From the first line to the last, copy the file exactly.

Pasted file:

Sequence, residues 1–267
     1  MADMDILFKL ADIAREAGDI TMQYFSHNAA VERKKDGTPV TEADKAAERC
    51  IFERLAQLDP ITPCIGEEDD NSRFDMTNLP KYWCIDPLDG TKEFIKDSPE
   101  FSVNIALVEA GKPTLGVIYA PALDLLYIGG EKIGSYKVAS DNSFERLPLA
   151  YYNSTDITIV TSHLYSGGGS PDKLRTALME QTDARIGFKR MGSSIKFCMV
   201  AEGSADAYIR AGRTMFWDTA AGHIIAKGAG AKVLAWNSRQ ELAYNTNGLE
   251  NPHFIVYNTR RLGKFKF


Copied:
Sequence, residues 1–267
     1  MADMDILFKL ADIAREAGDI TMQYFSHNAA VERKKDGTPV TEADKAAERC
    51  IFERLAQLDP ITPCIGEEDD NSRFDMTNLP KYWCIDPLDG TKEFIKDSPE
   101  FSVNIALVEA GKPTLGVIYA PALDLLYIGG EKIGSYKVAS DNSFERLPLA
   151  YYNSTDITIV TSHLYSGGGS PDKLRTALME QTDARIGFKR MGSSIKFCMV
   201  AEGSADAYIR AGRTMFWDTA AGHIIAKGAG AKVLAWNSRQ ELAYNTNGLE
   251  NPHFIVYNTR RLGKFKF